Using type IV Pearson distribution to calculate the probabilities of underrun and overrun of lists of multiple cases


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Abstract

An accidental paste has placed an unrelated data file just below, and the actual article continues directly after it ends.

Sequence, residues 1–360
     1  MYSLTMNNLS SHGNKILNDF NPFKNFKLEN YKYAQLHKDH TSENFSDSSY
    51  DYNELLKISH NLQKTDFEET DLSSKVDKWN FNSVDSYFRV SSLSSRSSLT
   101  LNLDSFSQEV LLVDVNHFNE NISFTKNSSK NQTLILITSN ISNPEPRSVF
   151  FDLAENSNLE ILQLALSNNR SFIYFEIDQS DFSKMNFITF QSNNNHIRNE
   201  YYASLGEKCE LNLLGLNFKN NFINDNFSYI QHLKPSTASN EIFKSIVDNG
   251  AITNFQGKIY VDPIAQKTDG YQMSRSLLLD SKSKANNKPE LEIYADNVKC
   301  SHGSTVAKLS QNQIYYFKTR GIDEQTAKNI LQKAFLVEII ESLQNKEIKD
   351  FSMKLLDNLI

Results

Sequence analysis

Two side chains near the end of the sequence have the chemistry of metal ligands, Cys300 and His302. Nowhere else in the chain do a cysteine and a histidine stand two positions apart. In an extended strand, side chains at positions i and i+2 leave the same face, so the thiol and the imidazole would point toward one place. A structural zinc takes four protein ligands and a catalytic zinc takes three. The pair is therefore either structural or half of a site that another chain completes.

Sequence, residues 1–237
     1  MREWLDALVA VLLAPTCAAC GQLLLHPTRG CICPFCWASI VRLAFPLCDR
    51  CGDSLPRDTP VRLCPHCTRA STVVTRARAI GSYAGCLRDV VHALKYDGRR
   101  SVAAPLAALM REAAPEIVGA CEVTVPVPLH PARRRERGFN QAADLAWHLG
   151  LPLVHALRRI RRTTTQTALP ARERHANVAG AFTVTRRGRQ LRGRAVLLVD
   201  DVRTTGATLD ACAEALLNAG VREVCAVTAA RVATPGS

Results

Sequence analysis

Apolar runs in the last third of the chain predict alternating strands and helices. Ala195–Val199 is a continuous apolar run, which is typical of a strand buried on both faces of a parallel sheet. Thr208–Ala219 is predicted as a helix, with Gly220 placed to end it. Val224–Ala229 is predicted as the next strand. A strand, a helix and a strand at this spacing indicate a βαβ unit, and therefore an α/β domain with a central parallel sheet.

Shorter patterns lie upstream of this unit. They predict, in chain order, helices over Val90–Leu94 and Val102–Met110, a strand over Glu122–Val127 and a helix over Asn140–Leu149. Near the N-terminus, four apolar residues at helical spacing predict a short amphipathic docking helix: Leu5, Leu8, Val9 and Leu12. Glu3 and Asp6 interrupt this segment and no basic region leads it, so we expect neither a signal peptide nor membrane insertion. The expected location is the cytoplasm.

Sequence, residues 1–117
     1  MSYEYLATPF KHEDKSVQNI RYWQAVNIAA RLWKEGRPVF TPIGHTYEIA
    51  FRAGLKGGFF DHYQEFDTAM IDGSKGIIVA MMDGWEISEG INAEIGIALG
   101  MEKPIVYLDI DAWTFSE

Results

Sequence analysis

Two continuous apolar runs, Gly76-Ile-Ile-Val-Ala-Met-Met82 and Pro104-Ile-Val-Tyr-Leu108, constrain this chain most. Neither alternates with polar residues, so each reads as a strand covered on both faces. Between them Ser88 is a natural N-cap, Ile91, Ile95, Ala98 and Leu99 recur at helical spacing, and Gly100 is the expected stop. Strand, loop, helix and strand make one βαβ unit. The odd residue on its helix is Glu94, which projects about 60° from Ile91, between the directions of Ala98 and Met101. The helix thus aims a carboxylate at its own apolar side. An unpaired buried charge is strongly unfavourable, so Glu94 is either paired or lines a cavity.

BACKGROUNDAn efficient operating room needs both little underutilised and overutilised time to achieve optimal cost efficiency. The probabilities of underrun and overrun of lists of cases can be estimated by a well defined duration distribution of the lists.OBJECTIVETo propose a method of predicting the probabilities of underrun and overrun of lists of cases using Type IV Pearson distribution to support case scheduling.DESIGNSix years of data were collected. The first 5 years of data were used to fit distributions and estimate parameters. The data from the last year were used as testing data to validate the proposed methods. The percentiles of the duration distribution of lists of cases were calculated by Type IV Pearson distribution and t-distribution. Monte Carlo simulation was conducted to verify the accuracy of percentiles defined by the proposed methods.SETTINGOperating rooms in John D. Dingell VA Medical Center, United States, from January 2005 to December 2011.MAIN OUTCOME MEASURESDifferences between the proportion of lists of cases that were completed within the percentiles of the proposed duration distribution of the lists and the corresponding percentiles.RESULTSCompared with the t-distribution, the proposed new distribution is 8.31% (0.38) more accurate on average and 14.16% (0.19) more accurate in calculating the probabilities at the 10th and 90th percentiles of the distribution, which is a major concern of operating room schedulers. The absolute deviations between the percentiles defined by Type IV Pearson distribution and those from Monte Carlo simulation varied from 0.20 min (0.01) to 0.43 min (0.03). Operating room schedulers can rely on the most recent 10 cases with the same combination of surgeon and procedure(s) for distribution parameter estimation to plan lists of cases. Values are mean (SEM).CONCLUSIONThe proposed Type IV Pearson distribution is more accurate than t-distribution to estimate the probabilities of underrun and overrun of lists of cases. However, as not all the individual case durations followed log-normal distributions, there was some deviation from the true duration distribution of the lists.

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